At 16, Pranav C. Balu never thought he was mature enough to join the national cerebral palsy (CP) football team.
But the Northlight School student became the youngest member of the team after he was invited to their weekly training sessions in March.
Pranav, who has hemiplegia, which restricts movement on the right side of his body, is still learning the ropes from his older team-mates.
He said: "I'm happy to be invited to join them and play. I didn't think about playing in this team before.
"I think I feel rather child-like sometimes because I am playing with bigger men. They have more stamina than me and during training, they do lunges, something which I am not used to doing."
Despite his lack of experience, coach Mohamed Zainudeen allowed the striker to come on as a substitute against Indonesia in an invitational tournament last month.
Pranav said of that match, which Singapore lost 1-6: "I was shorter than the other players. I could not jump very high and even stopping the ball was difficult."
But he intends to train harder to make up for his physical disadvantage. And he will be taking to heart the advice of star striker Khairul Anwar, who starred for hosts Singapore at the Asean Para Games last December.
"He told me that when I join the team, I must be serious and I must train hard," said Pranav.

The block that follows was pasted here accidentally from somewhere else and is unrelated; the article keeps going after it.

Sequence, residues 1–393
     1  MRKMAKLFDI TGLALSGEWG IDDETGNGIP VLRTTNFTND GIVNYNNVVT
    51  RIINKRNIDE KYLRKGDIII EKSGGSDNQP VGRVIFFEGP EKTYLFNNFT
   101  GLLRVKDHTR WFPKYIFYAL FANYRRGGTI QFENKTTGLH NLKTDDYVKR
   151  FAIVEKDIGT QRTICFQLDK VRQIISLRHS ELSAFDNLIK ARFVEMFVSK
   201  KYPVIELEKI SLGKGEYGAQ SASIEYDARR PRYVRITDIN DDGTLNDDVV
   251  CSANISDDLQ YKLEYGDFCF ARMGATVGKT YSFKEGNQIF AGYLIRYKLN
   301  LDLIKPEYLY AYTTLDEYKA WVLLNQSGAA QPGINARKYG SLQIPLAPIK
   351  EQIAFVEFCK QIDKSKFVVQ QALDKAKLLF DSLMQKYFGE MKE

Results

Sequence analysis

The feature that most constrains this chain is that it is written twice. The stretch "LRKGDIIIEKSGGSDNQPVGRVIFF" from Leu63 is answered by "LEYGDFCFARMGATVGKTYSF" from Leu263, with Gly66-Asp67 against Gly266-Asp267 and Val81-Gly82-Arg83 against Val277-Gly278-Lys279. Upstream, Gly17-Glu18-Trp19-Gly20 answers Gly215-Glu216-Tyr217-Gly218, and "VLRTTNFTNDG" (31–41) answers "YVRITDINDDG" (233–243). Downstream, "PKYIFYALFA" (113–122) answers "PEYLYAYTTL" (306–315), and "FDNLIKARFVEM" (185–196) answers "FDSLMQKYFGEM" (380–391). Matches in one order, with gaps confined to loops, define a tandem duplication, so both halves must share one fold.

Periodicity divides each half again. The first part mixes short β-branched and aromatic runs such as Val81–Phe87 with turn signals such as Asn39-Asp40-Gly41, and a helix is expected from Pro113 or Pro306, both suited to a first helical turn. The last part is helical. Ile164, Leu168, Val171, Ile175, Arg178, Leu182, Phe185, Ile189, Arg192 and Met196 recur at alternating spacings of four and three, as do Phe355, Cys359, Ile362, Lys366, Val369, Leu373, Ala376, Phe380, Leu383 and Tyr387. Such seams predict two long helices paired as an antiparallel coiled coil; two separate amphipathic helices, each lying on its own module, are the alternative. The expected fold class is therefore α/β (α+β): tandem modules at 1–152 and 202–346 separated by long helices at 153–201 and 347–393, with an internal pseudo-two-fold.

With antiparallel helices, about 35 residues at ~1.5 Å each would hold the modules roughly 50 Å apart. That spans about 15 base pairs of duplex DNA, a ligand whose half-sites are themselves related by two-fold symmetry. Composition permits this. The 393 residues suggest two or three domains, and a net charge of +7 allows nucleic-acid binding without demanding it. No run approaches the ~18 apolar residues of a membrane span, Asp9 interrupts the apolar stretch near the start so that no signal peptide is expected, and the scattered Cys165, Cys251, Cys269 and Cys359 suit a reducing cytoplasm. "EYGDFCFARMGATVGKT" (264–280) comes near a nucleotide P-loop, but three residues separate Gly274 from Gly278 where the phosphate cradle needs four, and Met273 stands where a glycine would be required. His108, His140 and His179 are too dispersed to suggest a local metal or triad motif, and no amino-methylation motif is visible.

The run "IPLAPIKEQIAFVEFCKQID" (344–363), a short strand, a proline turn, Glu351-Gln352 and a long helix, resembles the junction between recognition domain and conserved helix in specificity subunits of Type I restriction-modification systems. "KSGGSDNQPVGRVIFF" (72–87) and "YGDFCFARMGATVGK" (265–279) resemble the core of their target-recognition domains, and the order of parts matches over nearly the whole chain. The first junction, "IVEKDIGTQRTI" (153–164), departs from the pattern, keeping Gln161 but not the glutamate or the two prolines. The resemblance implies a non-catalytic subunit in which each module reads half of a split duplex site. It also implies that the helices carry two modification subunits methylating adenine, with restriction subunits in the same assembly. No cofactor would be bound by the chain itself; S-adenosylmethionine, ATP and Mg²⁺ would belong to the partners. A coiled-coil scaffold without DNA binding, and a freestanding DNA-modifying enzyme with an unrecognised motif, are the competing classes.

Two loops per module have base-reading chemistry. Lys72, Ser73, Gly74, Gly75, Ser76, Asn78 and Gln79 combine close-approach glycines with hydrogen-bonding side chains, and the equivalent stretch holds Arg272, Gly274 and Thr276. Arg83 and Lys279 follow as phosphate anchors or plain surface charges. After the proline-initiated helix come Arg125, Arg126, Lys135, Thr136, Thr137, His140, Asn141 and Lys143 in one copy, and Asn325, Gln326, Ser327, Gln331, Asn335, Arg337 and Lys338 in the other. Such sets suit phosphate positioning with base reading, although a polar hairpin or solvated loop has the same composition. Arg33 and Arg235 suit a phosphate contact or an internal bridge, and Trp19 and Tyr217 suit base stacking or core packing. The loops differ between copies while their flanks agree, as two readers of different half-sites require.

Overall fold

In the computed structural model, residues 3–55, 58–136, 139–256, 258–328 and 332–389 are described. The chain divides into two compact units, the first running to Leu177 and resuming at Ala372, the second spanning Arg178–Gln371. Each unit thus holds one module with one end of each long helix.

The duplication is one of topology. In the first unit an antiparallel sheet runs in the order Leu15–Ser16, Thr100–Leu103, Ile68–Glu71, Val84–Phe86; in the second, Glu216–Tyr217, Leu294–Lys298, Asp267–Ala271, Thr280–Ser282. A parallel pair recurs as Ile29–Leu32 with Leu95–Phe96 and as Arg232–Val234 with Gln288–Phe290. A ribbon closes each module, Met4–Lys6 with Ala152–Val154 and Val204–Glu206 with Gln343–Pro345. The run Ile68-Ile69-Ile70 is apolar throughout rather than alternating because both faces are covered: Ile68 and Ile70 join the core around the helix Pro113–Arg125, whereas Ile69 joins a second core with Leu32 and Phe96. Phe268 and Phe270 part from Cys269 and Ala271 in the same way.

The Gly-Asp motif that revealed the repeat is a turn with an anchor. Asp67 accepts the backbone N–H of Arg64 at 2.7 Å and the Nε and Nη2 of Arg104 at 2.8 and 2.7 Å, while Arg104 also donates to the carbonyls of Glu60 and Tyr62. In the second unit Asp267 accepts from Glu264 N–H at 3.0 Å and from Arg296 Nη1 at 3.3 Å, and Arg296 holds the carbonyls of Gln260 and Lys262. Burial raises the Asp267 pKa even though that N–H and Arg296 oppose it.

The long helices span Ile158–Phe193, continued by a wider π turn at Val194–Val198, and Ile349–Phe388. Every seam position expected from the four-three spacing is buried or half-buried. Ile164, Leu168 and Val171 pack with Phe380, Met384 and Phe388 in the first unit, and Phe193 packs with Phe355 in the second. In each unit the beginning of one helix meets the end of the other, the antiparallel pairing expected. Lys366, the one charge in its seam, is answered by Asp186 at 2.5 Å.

Football - both five-a-side (for visually impaired) and seven-a-side (mix of intellectually disabled and CP players) - is part of the 19 sports that will be contested at the Singapore National Para Games (SNPG).
The competition, which was launched yesterday at the Singapore Sports School, will be held over two months (yesterday to Oct 1) and is expected to draw more than 550 participants.
Minister for Culture, Community and Youth Grace Fu said in her speech: "The SNPG enables both elite and aspiring para athletes in Singapore to compete."
Raja Singh, vice-president of the Singapore Disability Sports Council, added that he is keen to consider hosting a National Games for youth in the future too.
He said: "This event is not for show only. It is for the growth of our athletes. Even though the numbers might not seem that big, but in every sport, we have seen significant growth.
"We hope that the event can give continuous momentum to (the growth of) disability sports here."